A Huge List of Famous Allusions

Many of the words we use today are actually allusions to historical figures and Greek Gods. Here are just a few examples:


Like other uses of simile, this example functions to help readers visualize the situation.

  • Achilles’ heel – a weakness a person may have. Achilles was invulnerable, except for his heel (achilles tendon).
  • Adonis – a handsome younger man; Aphrodite loved him.
  • Apollo – a physically perfect male; the God of music and light, Apollo was known for his physical beauty.
  • Cassandra – a person who continually predicts misfortune, but often is not believed.
  • Erotic – of or having to do with sexual passion or love. Eros was the Greek god of love.
  • Harpy – a predatory person or nagging woman. Comes from “harpy,” a foul creature that was part woman, part bird.
  • Helen symbol of a beautiful woman; from Helen of Troy.
  • Morphine – an alkaloid used to relieve pain and induce sleep. Morpheus was a god that could easily change shape.
  • Muse – a creature of inspiration. The daughters of Mnemosyne and Zeus, and divine singers that presided over thought in all its forms.
  • Narcissism – being in love with one’s own self-image. Named for Narcissus, a handsome young man who despised love, but fell in love with himself instead.
  • Odyssey – a long journey. Named for Odysseus, a character in The Odyssey, by Homer. Odysseus makes his long journey back from the Trojan War.
  • Pandora’s Box – Something that opens the door for bad occurrences, opened by someone known for curiosity. Named for Pandora, who opened a box of human ills.
  • Phoenix – a symbol of immortality or rebirth. Named after a long bird that consumed itself in fire, then rose renewed from the flame to start another long life.
  • Psyche – the human soul, self, the mind. Named after Psyche, a maiden who, after undergoing many hardships, reunited with her love.
  • Pygmalion – someone who tries to fashion someone into the person he desires. Comes from a myth adapted into a play by George Bernard Shaw.
  • Sibyl – a witch or sorceress; a priestess who had the gift of prophecy.
  • Tantalize – from King Tantalus, who reigned on Mt. Sipylus, and who was condemned to a river but couldn’t eat the beautiful food around him.
  • Titanic – grand and enormous. Named after Tityus, the son of Zeus and Elara, whose body covered nearly two acres.
  • Volcanoes – originated from Vulcan, the Roman god of fire.


  • Babbitt – a self-satisfied person concerned chiefly with business and middle-class ideals, like material success. Comes from Babbitt by Sinclair Lewis.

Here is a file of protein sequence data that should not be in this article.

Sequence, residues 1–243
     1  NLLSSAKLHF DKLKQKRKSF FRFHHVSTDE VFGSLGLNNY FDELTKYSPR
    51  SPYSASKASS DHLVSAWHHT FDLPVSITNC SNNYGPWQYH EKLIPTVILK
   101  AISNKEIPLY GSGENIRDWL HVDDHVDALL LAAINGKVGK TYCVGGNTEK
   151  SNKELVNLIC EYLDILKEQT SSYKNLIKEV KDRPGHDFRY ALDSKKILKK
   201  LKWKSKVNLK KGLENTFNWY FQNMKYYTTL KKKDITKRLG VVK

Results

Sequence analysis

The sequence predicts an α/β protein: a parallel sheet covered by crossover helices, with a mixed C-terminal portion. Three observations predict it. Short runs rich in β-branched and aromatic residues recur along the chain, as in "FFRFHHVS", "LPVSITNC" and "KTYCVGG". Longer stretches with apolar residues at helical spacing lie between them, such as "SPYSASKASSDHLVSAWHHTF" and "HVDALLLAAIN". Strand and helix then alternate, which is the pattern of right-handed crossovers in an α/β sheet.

• Cinderella – one who gains affluence or recognition after being treated poorly.
  • Don Juan – a libertine, profligate, a man obsessed with women.
  • Don Quixote – someone overly idealistic to the point of being unrealistic. From the Cervantes character in The Man of La Mancha, by Dale Wasserman and Mitch Leigh.
  • Frankenstein – anything that threatens or destroys its creator. From Mary Shelley’s novel Frankenstein.
  • Jekyll and Hyde – a capricious person with two sides to his personality. From the novel of the same name.
  • Lothario – used to describe a man who seduces women. From The Fair Penitent, by Nicholas Rowe.
  • Scrooge – a bitter and/or greedy person. From Charles DickensA Christmas Carol.
  • Svengali – a person with an irresistible hypnotic power; from 1984, by George Mauriers.

Biblical Allusions

  • Absolom – a son who brings heartache to his father.
  • Alpha and Omega – the beginning and the end, from a quote in Revelations.
  • Daniel – one known for wisdom and accurate judgment.
  • David and Bathsheba – represents a big sin. From King David’s affair with Bathsheba, the wife of Uriah.
  • Eye of the Needle – a very difficult task. From the historic narrow gateways into cities, called “the needle.”
  • Goliath – a large person. From the giant from the Philistine city of Gath, slain by David.
  • Ishmael – one who is cast out as being unworthy.
  • Job – one who suffers a great deal, but remains faithful.
  • Jonah – one who brings bad luck.
  • Judas – a traitor.
  • Original Sin – the idea that all men are innately sinful as a result of Adam and Eve’s fall.
  • Prodigal Son – a wasteful son who disappoints his father.
  • Samson and Delilah – a treacherous love story.
  • Scapegoat – one that is made an object of blame for others.
  • Solomon – an extremely wise person.

Historical Allusions

  • Attila – barbarian, rough leader; King of the Huns from 433-453 A.D..
  • Berserk – destructively or frenetically violent, from mental upset.
  • Boycott – to act together in abstaining from using a specific item. From Charles C. Boycott, who refused to charge lower rents, and his staff boycotted.
  • Canopy – an overhanging protection or shelter, to cover.
  • Casanova – a man who is amorous to women; based on the Italian adventurer.
  • Chauvinist – one who has a militant devotion to and glorification to country or gender; Nicolas Chauvin.
  • El Dorado – a place of reputed wealth; from the legendary city in South America.
  • Machiavellian – characterized by expedience, deceit and cunning; after Niccolo Machiavelli.
  • McCarthyism – modern witch hunt, the practice of publicizing accusations without evidence; after Joseph McCarthy.
  • Nostradamus – fortune teller; (1503-66) French physician and astrologer who wrote a book of rhymed prophecies.
  • Stonewall – hinder or obstruct by evasive, delaying tactics from Stonewall Jackson.
  • Thespian – having to do with the theater or acting; from Thespis, an attic poet and father of Greek tragedy.
  • Uncle Sam – government of people of the United States; derived from Uncle Sam, a business man in the 1900s.